7. ^ "Northern Link toll modelled on Clem7". Ursula Heger. 13 May 2010. Retrieved 17 May 2010. 
  8. ^ "Toll on the $1.5bn Northern Link project fixed at $3 for first year". Ursula Heger. 20 September 2010. Retrieved 30 September 2010. 
  9. ^ BMD Constructions About (accessed 24 August 2013)
  10. ^ Who Are We, Company Profile, Ghella(accessed 24 August 2013)
  11. ^ Legacy Way, ACCIONA Australia(accessed 24 August 2013)
  12. ^ "Part of road tunnel toll going to Legacy". ABC News. 10 November 2010. Retrieved 13 December 2010. 
  13. ^ About Legacy (accessed 17 December 2012)
  14. ^ The Project, Trancity (accessed 20 December 2012)
  15. ^ Longer trips for bus commuters after Legacy Way bus link goes begging, Westside News, Quest Community Newspapers, 3 April 2012 (accessed 20 December 2012)
  16. ^ Underground’s Legacy connection, Minister for Transport and Main Roads, The Honourable Scott Emerson, Media Statement, 19 November 2013 (accessed 9 April 2014)
  17. ^ Legacy Way and BaT Tunnel to be Linked, Brisbane Times, 3 April 2014 (accessed 9 April 2014)
  18. ^ Legacy Way FAQs (accessed 17 December 2012)
  19. ^ Tunnel boring machines, Legacy, Transcity official website (accessed 24 April 2013)
  20. ^ Legacy Way boring machine set to break through, Brisbane Times, 23 April 2013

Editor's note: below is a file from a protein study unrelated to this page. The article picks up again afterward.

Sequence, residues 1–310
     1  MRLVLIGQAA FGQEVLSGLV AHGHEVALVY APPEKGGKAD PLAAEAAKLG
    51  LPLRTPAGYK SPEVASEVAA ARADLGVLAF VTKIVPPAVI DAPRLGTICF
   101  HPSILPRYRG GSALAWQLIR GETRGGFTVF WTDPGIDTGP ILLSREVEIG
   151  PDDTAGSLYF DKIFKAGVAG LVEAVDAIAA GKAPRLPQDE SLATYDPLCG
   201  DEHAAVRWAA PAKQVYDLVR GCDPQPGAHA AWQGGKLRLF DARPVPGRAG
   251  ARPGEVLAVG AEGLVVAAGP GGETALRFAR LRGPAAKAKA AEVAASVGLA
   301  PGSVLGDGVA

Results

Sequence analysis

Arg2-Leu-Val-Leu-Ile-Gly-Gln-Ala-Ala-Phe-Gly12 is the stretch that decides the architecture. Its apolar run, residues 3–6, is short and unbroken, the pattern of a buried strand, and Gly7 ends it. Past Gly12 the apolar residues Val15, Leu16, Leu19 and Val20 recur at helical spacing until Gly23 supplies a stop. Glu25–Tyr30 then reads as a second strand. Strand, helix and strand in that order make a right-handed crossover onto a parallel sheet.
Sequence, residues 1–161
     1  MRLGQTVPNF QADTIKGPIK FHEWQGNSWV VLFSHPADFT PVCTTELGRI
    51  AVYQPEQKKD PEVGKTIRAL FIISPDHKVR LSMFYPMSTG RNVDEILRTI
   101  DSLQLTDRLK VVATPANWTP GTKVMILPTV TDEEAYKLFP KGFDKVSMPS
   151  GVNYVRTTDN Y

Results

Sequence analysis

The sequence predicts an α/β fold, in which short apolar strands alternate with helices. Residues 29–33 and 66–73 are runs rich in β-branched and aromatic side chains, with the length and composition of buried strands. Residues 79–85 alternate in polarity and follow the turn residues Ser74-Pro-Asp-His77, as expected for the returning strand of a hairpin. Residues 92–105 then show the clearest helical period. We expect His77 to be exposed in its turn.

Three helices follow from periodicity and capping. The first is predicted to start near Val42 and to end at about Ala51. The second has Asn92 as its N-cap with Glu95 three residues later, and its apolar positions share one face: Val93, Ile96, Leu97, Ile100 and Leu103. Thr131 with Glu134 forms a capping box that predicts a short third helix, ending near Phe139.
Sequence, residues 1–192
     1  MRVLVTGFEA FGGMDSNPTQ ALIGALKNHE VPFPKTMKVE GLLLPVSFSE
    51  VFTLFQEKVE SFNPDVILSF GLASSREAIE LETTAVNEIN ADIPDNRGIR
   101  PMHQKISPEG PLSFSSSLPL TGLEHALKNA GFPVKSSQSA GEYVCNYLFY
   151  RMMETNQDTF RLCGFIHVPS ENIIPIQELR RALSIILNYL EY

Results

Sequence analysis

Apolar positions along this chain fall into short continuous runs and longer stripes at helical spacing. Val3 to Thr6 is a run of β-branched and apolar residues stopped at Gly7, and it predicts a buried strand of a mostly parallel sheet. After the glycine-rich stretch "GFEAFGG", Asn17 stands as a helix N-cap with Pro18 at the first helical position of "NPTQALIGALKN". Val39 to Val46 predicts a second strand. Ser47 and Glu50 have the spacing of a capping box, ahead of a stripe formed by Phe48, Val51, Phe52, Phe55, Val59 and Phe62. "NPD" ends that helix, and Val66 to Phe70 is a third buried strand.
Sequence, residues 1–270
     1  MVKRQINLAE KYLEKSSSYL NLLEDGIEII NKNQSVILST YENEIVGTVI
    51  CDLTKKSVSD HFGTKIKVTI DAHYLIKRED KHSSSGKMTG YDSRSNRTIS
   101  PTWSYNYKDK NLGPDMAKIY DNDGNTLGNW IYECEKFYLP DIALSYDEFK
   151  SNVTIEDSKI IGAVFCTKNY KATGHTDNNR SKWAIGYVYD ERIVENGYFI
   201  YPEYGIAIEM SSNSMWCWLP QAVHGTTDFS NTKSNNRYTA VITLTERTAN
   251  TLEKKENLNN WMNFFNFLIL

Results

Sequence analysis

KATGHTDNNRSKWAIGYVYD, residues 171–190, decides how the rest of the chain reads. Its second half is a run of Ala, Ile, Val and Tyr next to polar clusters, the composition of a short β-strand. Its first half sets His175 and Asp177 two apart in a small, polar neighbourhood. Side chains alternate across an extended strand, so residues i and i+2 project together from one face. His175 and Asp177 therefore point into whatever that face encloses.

21. ^ Annabell breaks on through to the other side, Brisbane Time, 13 June 2013
  22. ^ "Construction commencement of spoil conveyor tunnel, Toowong". Transcity. 28 September 2011. Retrieved 29 September 2011. 
  23. ^ Spoil Conveyor Tunnel, TransityJV, YouTube video, 2 December 2012 (accessed 20 December 2012)
  24. ^ [1] (accessed 10 November 20150
  25. ^ Council-Qld Motorways Deal Good Value, The North West Star, 16 July 2013 (accessed 10 April 2014)
  26. ^ Queensland Motorways Holding Pty Limited (QMH) – proposed acquisition of tollroad assets from the Brisbane City Council, Australian Competition and Consumer Commission, Reference 51943, 18 September 2013 (accessed 10 April 2014)
  27. ^ "Toll information". goVia Legacy Way. Queensland Motorways. 31 May 2015. Retrieved 31 May 2015. 
  28. ^ "Lord Mayor announces Legacy Way walk-through event". Lord Mayor of Brisbane Graham Quirk. Retrieved 27 May 2015. 

Further reading[edit]

External links[edit]